BLOOMINGTON – When Aaron Wellman thinks about the factors that have brought him success as a football strength and conditioning coach, he points to his upbringing.
The West Noble graduate speaks about the qualities instilled in him by his parents, Jerry and Ann, who taught him the value of being a high character individual with a strong work ethic.
Those qualities were apparent to Indiana coach Tom Allen, who formally introduced Wellman to the media Tuesday as Indiana's senior assistant athletic director for football performance, essentially the team's strength and conditioning coach.
Wellman replaces David Ballou and Matt Rhea, strength and speed gurus who helped revolutionize Indiana's workout regime before departing this offseason for Alabama.
In Wellman, Indiana adds another native Hoosier to its coaching staff, one Allen believes is a philosophical fit for his future plans.
“He's a 'find-a-way' kind of guy,” Allen said. “That's what I want on our staff. I want guys that don't tell me what we can't do. I want guys that help us find a way to do what we want to do and I believe we can do here in this program.”
Wellman's career path has come full circle.
After playing four years of football at Manchester University, Wellman began his coaching career in Bloomington. He spent time as a graduate assistant and an assistant strength and conditioning coach with the Hoosiers from 1997 to 2001, before leaving to work in different capacities in the strength and conditioning at Michigan State, Ball State, San Diego State and Michigan.
It was his most recent stop with the NFL's New York Giants that brought him onto Allen's radar.
Ballou played at Indiana while Wellman had his first coaching stint at the school. That relationship allowed Wellman to make a visit to IU last year, where he spent time with the strength staff and spoke to the team.
Down the road, it meant Allen had enough interest in Wellman to inquire about him with the Giants, and Allen heard rave reviews.
“(Wellman) will spend until 3, 4 in the morning if he has to,” he said. “It's a 'whatever-it-takes' mindset, and to me that's how we're going to be successful here.”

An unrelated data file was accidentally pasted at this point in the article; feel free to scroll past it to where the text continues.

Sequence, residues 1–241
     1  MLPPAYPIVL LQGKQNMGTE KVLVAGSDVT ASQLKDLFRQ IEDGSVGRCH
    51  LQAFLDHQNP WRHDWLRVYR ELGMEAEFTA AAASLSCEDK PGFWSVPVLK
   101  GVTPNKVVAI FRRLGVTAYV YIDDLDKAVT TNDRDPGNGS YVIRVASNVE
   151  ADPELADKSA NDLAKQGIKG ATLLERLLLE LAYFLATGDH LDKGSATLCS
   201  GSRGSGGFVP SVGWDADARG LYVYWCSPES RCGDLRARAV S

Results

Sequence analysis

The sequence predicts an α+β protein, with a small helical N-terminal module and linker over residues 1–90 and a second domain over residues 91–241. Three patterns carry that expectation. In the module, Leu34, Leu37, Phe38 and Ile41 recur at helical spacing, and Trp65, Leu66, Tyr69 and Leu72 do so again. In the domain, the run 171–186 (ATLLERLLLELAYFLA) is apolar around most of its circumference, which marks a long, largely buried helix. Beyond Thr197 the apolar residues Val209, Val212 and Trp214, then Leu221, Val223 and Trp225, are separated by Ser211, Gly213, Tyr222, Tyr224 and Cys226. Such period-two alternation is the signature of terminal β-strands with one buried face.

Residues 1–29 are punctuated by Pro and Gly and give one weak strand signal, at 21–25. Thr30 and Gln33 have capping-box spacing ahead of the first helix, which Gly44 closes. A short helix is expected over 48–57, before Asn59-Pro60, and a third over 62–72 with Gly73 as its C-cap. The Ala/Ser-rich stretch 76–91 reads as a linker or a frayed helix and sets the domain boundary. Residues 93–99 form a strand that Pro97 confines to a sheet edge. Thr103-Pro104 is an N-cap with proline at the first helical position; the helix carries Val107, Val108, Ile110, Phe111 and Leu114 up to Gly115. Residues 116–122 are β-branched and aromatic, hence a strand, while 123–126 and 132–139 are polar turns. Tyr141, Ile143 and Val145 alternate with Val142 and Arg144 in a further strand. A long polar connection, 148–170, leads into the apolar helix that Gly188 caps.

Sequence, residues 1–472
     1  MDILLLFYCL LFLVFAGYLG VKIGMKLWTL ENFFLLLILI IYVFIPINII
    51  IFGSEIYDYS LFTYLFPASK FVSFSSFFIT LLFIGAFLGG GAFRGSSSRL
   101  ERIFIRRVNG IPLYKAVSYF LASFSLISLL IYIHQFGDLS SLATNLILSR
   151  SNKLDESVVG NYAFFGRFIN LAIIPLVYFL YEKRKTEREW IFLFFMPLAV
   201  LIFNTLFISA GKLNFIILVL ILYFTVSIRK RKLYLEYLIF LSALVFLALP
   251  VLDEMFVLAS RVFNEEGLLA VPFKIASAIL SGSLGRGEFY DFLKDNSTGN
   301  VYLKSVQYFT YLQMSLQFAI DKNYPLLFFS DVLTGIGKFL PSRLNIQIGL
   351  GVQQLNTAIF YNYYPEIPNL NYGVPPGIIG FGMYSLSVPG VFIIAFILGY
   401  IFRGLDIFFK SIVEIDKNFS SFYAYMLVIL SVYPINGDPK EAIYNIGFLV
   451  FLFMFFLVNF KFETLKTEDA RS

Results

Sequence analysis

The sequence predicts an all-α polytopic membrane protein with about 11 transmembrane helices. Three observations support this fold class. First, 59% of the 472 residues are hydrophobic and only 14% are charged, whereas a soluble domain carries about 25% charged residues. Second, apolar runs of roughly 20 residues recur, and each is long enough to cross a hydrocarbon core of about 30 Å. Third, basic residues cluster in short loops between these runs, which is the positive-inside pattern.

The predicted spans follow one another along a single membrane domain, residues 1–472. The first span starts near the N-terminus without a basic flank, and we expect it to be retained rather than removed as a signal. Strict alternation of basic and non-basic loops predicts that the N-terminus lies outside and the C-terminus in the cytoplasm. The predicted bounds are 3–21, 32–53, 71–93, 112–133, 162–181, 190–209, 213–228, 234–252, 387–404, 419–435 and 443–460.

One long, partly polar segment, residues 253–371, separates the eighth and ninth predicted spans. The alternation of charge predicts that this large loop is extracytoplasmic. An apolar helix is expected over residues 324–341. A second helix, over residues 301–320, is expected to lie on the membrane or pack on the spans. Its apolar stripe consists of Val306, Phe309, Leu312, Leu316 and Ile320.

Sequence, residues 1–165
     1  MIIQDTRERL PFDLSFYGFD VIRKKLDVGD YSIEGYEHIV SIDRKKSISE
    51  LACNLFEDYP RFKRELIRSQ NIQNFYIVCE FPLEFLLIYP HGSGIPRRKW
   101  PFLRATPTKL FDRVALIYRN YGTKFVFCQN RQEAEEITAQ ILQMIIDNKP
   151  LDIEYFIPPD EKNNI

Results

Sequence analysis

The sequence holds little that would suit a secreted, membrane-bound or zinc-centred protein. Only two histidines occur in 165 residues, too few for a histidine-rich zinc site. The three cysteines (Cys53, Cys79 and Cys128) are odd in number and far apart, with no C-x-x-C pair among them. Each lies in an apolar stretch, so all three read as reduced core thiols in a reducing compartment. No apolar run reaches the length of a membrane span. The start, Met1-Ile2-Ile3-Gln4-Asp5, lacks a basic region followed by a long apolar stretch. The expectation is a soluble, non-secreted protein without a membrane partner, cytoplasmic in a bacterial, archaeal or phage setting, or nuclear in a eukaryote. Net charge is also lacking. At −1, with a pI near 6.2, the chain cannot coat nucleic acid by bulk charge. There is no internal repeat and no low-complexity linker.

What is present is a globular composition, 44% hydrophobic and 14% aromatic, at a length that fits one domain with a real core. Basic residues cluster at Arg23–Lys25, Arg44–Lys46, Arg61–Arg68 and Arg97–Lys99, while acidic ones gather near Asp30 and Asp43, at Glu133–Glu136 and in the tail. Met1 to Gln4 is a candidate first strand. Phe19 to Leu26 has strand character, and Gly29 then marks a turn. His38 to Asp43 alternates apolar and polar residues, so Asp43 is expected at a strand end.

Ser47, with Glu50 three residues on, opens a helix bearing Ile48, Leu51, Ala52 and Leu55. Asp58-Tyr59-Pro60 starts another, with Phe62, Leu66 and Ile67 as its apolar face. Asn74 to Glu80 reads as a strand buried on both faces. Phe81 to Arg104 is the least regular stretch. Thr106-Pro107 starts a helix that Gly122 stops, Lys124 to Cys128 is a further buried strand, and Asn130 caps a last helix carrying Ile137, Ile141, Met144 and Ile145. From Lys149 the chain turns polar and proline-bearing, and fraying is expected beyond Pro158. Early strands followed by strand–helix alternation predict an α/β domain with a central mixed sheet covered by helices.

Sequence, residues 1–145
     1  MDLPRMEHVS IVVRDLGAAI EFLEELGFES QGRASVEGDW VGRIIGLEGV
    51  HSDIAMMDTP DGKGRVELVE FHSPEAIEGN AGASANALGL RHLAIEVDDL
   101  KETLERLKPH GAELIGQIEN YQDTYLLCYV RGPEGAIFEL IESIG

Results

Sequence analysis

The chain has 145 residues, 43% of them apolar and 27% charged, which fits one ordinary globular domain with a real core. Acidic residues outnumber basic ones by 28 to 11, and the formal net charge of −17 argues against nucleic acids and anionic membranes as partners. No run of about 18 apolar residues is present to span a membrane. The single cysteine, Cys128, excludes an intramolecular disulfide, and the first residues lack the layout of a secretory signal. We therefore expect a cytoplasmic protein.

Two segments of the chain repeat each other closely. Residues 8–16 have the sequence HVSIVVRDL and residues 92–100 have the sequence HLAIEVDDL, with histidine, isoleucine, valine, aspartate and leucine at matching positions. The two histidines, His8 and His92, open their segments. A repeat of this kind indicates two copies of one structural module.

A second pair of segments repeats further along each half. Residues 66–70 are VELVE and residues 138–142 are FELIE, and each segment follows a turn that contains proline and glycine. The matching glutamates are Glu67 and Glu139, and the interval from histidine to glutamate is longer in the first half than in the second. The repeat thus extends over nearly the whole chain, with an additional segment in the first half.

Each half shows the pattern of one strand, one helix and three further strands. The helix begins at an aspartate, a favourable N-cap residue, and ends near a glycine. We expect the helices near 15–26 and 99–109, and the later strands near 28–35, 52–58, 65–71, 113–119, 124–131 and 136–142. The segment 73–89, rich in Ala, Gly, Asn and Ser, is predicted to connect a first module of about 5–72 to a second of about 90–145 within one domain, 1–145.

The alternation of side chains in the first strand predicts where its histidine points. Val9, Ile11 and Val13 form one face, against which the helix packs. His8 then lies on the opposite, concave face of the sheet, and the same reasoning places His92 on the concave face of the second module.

The compensation for Wellman, $700,000 a year, ranks him as the third-highest paid strength coach in the country, behind only Chris Doyle of Iowa ($800,000) and Mickey Marotti of Ohio State ($735,000).
Allen described that kind of administrative investment in the program as “unprecedented” and a “huge statement toward our commitment to helping this program continue to grow.”
“The head strength coach is the guy that spends the most time with your players of anybody else on our staff,” Allen said. “I just really think it sends a strong message about how important football is becoming here at Indiana.”
Of course, tangible changes have recently occurred, from the completion of Memorial Stadium's renovations to the football-only facilities and a locker room that now line the underbelly of the stadium.
Even technological changes to the weight room represent a stark contrast to what Wellman worked with at the turn of the century.
“The commitment to football at Indiana is at an all-time high,” he said. “The commitment level here is as great, or greater, than any school in the country.”
The short-term challenges facing Wellman, in the wake of the COVID-19 pandemic, are much different than the distant ones. For now, Wellman is helping coordinate specific workouts for each player based on the equipment they have available to them.
In the long term, Wellman wants to champion “movement efficiency” among players and plans to build power, speed and strength for each player on that foundation.
All these plans can now be set in motion because Wellman is back home. He said he followed his gut and the feeling in his heart to return to where he began.
Allen believes that's a natural incentive toward creating future success.
“When you get a guy that is from here, his wife's family is from here, that creates a tie, it creates a passion,” Allen said.
“It creates a personal connection that you can't fabricate any other way. Home is home ... when you have a chance to be able to come home ... it just means something different to you.”